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Water hammering problem in single pipe steam boiler system (residential)

I live in a 1920s house in Central Pennsylvania, and have had water hammering in the steam boiler system for the last 2 years. We were used to the regular hissing, ticking of a steam boiler heating system, but it started getting incredibly loud and waking us in the night when the heat kicked on and water started running through cold pipes.

Local HVAC companies don't seem to have the expertise to figure out what's going on, so I thought I would check here and see if this community knows of steam boiler pros in Central PA--I'm in State College. So far this is what we've tried:
1. 8-way flushed through system, allowed to sit in boiler over the summer months in 2022
2. replaced old steam vents in at 2 radiators
3. checked level of pipes to make sure they were graded to drain properly (all seem to be graded properly)
4. lowered psi to 1.5 (it was set too high apparently)

Comments

  • mattmia2
    mattmia2 Member Posts: 9,469
    Is the 8 way still in there? Too much treatment in the water will cause it to prime (foam) and carry water up in to the system. Is the water level in the sight glass stable while it is steaming?
    EBEBRATT-EdMad Dog_2
  • EdTheHeaterMan
    EdTheHeaterMan Member Posts: 7,606
    edited October 2023
    Your home may be settling or some termite damage may have caused the floor under a radiator to fall enough to upset the proper drainage of condensation from the radiator. A pipe hanger may have broken loose and now the improper pitch of that pipe may be causing water to pool where it should not. What @mattmia2 said... and many more reasons.

    Have you tried to call someone from the Find a Contractor link above? https://heatinghelp.com/find-a-contractor/state/PA. Look like there are 2 in East central and west central PA. and I know that State College is in Central Central , PA. My sister went to college there.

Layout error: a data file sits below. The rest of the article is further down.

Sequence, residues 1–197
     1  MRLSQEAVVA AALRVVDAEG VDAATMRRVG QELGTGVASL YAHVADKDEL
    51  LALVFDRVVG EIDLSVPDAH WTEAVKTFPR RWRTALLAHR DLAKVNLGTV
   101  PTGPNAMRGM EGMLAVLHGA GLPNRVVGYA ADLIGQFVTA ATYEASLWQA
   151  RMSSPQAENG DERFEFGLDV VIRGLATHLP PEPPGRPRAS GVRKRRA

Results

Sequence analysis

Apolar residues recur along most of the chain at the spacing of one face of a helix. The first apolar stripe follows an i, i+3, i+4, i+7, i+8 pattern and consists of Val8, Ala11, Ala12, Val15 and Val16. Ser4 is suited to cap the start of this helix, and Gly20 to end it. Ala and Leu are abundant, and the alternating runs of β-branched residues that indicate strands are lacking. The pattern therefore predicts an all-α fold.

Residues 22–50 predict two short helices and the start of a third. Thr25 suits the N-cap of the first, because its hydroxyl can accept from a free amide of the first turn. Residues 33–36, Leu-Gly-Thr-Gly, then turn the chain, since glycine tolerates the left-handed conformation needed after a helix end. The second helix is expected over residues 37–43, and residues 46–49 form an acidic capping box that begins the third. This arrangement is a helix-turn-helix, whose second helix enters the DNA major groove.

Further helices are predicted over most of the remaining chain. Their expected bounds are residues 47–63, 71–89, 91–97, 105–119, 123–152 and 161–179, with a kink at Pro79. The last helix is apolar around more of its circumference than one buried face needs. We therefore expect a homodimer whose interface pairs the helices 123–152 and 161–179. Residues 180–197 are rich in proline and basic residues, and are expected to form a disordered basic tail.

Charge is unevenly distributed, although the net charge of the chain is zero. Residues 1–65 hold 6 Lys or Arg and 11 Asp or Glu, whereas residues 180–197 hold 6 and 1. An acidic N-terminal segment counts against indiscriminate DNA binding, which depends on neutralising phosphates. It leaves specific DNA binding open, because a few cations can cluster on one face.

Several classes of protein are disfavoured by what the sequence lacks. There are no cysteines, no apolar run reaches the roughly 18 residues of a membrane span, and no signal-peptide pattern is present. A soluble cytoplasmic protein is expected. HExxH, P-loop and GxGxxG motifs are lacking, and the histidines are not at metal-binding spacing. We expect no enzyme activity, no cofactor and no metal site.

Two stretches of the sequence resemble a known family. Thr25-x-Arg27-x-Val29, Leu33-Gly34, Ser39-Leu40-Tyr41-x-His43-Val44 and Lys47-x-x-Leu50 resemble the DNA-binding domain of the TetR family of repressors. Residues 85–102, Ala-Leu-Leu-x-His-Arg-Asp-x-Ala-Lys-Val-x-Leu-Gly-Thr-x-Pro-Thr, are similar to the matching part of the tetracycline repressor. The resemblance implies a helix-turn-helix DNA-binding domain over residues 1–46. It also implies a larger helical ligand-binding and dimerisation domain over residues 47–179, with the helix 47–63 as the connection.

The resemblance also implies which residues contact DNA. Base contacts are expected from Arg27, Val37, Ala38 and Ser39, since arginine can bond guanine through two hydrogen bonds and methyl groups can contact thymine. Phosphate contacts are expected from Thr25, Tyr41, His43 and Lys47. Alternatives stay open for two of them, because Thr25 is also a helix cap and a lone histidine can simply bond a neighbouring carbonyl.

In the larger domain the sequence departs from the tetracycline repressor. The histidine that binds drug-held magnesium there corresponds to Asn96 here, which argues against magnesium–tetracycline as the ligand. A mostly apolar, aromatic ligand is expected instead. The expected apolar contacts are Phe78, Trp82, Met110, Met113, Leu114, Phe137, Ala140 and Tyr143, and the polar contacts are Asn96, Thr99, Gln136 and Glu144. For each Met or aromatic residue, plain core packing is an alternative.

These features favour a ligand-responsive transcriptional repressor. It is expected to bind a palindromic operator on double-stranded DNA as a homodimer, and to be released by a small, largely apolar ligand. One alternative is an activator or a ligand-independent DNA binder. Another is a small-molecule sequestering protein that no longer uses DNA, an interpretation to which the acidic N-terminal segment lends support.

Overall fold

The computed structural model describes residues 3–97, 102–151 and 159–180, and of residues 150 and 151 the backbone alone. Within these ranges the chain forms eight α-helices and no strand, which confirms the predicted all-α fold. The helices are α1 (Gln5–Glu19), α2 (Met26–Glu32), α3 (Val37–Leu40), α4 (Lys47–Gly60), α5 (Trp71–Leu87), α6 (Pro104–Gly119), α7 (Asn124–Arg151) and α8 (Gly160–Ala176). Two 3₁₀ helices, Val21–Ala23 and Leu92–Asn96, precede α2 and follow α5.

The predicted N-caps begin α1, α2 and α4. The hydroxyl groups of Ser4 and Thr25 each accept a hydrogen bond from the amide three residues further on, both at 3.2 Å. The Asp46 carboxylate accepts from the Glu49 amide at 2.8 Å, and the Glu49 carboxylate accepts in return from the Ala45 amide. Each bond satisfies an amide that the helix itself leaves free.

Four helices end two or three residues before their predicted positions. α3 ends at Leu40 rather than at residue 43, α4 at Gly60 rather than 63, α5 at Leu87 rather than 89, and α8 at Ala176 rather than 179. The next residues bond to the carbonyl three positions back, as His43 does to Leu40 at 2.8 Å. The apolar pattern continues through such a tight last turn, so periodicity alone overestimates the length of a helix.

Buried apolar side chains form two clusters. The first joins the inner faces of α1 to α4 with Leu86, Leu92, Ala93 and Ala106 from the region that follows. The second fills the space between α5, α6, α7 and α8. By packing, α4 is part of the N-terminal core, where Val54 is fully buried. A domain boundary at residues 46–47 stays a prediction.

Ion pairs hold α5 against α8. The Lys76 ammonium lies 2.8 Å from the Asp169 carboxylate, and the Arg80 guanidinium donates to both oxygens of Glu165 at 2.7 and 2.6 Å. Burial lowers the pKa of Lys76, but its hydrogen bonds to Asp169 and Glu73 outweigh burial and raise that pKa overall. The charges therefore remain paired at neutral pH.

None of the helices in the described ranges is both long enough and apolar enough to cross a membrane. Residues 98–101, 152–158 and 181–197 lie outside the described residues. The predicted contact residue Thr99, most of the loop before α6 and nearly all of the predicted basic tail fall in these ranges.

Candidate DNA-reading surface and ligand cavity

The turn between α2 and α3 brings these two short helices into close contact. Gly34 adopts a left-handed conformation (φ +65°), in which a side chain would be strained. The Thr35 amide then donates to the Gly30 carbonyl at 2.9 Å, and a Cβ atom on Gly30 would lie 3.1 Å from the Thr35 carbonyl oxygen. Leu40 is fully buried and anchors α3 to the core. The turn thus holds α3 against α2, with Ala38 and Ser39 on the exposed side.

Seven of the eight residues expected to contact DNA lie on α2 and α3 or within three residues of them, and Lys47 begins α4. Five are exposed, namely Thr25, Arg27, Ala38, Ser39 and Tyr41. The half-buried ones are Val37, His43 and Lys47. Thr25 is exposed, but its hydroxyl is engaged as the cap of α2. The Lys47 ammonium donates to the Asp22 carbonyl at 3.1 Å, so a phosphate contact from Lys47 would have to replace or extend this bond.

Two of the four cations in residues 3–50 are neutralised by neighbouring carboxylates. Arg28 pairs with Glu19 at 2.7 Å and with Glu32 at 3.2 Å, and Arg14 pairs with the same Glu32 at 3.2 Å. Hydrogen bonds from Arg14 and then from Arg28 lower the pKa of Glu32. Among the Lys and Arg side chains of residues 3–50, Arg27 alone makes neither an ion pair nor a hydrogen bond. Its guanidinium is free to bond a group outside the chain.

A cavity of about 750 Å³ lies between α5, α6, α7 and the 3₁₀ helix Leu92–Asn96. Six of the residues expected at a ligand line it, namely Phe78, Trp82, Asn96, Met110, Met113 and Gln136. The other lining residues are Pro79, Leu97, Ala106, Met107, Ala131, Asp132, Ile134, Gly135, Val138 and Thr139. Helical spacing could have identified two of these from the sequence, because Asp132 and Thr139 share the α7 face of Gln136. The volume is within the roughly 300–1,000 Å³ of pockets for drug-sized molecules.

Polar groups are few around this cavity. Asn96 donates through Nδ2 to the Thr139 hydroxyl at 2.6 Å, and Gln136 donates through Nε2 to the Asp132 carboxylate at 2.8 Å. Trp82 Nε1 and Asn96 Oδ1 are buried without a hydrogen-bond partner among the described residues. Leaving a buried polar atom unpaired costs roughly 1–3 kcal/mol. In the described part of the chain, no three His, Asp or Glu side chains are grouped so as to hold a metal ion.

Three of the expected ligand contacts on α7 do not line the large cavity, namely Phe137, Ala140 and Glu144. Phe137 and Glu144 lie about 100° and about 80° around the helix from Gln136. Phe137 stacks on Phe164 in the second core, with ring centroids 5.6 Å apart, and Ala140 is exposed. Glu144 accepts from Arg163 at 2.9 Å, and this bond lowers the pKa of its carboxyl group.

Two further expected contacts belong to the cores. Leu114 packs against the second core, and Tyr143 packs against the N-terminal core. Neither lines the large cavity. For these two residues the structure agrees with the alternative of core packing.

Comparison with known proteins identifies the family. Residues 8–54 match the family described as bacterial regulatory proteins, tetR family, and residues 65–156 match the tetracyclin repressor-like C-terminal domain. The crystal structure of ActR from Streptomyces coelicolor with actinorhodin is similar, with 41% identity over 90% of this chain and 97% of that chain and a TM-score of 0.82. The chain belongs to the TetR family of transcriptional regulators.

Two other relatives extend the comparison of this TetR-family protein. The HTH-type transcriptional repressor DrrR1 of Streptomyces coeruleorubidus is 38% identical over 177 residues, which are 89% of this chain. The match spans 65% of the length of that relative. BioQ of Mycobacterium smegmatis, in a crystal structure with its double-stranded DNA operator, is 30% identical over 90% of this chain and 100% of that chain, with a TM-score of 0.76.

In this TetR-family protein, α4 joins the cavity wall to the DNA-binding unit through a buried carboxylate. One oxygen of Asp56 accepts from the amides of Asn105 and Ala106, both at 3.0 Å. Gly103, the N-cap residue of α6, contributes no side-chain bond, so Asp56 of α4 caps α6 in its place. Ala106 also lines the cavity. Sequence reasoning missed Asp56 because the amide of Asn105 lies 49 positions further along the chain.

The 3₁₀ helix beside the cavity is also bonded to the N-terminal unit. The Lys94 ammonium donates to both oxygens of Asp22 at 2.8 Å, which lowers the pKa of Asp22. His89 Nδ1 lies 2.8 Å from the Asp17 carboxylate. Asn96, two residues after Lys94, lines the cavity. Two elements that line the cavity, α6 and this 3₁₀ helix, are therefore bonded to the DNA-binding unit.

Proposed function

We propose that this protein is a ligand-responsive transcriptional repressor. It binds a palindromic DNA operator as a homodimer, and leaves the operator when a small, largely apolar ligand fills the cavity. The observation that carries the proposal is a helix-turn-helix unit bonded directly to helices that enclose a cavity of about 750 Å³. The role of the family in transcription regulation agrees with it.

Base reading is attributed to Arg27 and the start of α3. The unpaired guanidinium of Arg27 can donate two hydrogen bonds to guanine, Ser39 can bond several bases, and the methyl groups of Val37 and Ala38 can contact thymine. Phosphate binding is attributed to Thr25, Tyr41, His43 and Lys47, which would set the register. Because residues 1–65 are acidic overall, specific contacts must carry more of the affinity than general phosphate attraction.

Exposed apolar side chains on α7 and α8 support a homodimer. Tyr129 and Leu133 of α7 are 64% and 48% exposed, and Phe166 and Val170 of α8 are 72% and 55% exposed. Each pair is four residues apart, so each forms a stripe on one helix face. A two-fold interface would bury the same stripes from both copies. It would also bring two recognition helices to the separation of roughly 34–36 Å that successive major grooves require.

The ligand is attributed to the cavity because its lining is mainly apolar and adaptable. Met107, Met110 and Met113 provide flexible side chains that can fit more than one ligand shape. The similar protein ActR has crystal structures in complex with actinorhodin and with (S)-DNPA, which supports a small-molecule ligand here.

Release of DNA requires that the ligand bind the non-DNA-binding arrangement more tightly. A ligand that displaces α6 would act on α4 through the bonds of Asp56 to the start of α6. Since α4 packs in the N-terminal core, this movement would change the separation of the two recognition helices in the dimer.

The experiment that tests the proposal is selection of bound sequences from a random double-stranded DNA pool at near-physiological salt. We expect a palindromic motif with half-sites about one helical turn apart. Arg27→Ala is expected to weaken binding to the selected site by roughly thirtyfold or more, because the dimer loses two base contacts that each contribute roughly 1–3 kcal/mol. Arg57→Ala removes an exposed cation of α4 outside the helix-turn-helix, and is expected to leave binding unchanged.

You need to ask around the plumbing supply companies near you to find a good steam man. they know their customers.
    Edward F Young. Retired HVAC ContractorSpecialized in Residential Oil Burner and Hydronics
    Mad Dog_2
  • neilc
    neilc Member Posts: 2,672
    you set your pressure down,
    did you service the pigtail between the control and the boiler?
    Can you breath / blow freely from the Ptrol into the boiler?
    Pictures there?
    known to beat dead horses
    Mad Dog_2
  • Mad Dog_2
    Mad Dog_2 Member Posts: 6,757
    Is that in the Nittany Mountains near Penn State?  Mad Dog 🐕 
  • retiredguy
    retiredguy Member Posts: 888
    Can you show the types of radiation that is installed and has anything been changed in the system recently. Pictures of the boiler rads and piping will also help.
    Mad Dog_2
  • Mad Dog_2
    Mad Dog_2 Member Posts: 6,757
    And...Just because you "think" you've cleaned the boiler, system and wet returns, thoroughly...don't be so sure.  Mad Dog 🐕 
  • ChrisJ
    ChrisJ Member Posts: 15,496
    hannahc said:

    I live in a 1920s house in Central Pennsylvania, and have had water hammering in the steam boiler system for the last 2 years. We were used to the regular hissing, ticking of a steam boiler heating system, but it started getting incredibly loud and waking us in the night when the heat kicked on and water started running through cold pipes.

    Local HVAC companies don't seem to have the expertise to figure out what's going on, so I thought I would check here and see if this community knows of steam boiler pros in Central PA--I'm in State College. So far this is what we've tried:
    1. 8-way flushed through system, allowed to sit in boiler over the summer months in 2022
    2. replaced old steam vents in at 2 radiators
    3. checked level of pipes to make sure they were graded to drain properly (all seem to be graded properly)
    4. lowered psi to 1.5 (it was set too high apparently)

    Please show us some pictures of the boiler and the piping around, and above it. Try to stand back so we can see everything clearly, if possible.

    Also give us some pictures of a few radiators please.